Ocean, the largest state chartered bank in Florida, is privately owned and headquartered in Miami. With twenty-one branches located throughout southern Florida, Ocean provides a wide range of financial services to consumers, small businesses and middle-market companies.
An investigation conducted by the Drug Enforcement Administration, Internal Revenue Service – Criminal Investigation and FinCEN, working in conjunction with the United States Attorney’s Office for the Southern District of Florida, and parallel examinations conducted by the FDIC and the FOFR, determined that from 2005 to 2010, Ocean violated the anti-money laundering (“AML”) program requirements, suspicious activity reporting requirements, and currency transaction reporting requirements of the BSA.In July of 2007, the Bank consented to the issuance of a Cease and Desist Order issued by the FDIC relative to non-compliance with the BSA.
The AML program at Ocean was deficient in three of the four core elements required by 31 U.S.C. § 5318(h)(1) and 31 C.F.R. § 103.120 (31 C.F.R. § 1020.210). Namely, the Bank failed to:
- establish and implement effective internal controls;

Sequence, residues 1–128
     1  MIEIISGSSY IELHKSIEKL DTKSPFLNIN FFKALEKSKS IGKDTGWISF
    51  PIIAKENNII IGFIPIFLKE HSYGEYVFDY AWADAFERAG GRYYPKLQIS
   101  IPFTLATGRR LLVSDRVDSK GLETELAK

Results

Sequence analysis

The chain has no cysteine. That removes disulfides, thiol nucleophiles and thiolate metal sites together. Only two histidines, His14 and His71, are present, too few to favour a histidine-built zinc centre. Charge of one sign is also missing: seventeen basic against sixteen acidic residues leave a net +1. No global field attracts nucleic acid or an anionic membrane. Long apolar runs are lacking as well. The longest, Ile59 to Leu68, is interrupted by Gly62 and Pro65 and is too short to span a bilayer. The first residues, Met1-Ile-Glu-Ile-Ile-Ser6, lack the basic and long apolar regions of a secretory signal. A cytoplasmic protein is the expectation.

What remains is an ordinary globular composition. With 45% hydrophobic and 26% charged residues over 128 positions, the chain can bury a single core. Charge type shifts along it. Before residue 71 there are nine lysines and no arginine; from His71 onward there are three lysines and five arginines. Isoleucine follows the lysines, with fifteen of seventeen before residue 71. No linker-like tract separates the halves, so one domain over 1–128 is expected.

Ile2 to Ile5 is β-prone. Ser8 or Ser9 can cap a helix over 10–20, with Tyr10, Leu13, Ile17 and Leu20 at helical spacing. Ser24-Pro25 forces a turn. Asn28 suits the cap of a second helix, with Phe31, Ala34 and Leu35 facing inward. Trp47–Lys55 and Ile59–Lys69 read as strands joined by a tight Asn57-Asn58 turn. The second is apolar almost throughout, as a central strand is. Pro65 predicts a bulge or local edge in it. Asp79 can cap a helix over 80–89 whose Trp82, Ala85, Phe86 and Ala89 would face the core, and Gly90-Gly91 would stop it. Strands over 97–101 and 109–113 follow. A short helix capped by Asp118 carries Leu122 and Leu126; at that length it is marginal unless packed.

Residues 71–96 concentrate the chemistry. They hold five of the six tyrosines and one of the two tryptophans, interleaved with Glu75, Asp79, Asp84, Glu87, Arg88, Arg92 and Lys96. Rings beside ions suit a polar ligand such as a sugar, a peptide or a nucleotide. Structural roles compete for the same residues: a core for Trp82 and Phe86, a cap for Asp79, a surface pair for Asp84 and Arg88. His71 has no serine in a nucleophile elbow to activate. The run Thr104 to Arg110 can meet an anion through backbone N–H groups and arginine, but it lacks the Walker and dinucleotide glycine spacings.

- designate personnel to ensure day-to-day compliance;
- implement an effective independent audit function to test programs with respectto the BSA, particularly the suspicious activity reporting requirements.
Ocean failed to implement an effective AML program reasonably designed to identify and report transactions that exhibited indicia of money laundering or other suspicious activity, considering the types of products and services offered by the Bank, the volume and scope of its business, and the nature of its customers. Ocean failed to implement a program commensurate with the risks inherent within its business lines and geographical reach. As a result, Ocean failed
to timely file suspicious activity reports, thus greatly diminishing the value of the reports to both law enforcement and regulatory agencies
Detailed order link from FinCEN: here